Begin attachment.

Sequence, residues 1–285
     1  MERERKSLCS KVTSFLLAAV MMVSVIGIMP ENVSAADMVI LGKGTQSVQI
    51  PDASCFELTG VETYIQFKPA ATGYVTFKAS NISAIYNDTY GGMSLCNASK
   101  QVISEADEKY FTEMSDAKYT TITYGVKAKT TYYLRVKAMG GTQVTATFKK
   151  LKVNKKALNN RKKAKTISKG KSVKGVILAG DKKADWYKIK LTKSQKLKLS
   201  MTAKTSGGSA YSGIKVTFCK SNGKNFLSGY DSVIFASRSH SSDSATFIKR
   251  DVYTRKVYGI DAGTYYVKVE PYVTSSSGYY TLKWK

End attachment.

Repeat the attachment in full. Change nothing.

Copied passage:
Sequence, residues 1–285
     1  MERERKSLCS KVTSFLLAAV MMVSVIGIMP ENVSAADMVI LGKGTQSVQI
    51  PDASCFELTG VETYIQFKPA ATGYVTFKAS NISAIYNDTY GGMSLCNASK
   101  QVISEADEKY FTEMSDAKYT TITYGVKAKT TYYLRVKAMG GTQVTATFKK
   151  LKVNKKALNN RKKAKTISKG KSVKGVILAG DKKADWYKIK LTKSQKLKLS
   201  MTAKTSGGSA YSGIKVTFCK SNGKNFLSGY DSVIFASRSH SSDSATFIKR
   251  DVYTRKVYGI DAGTYYVKVE PYVTSSSGYY TLKWK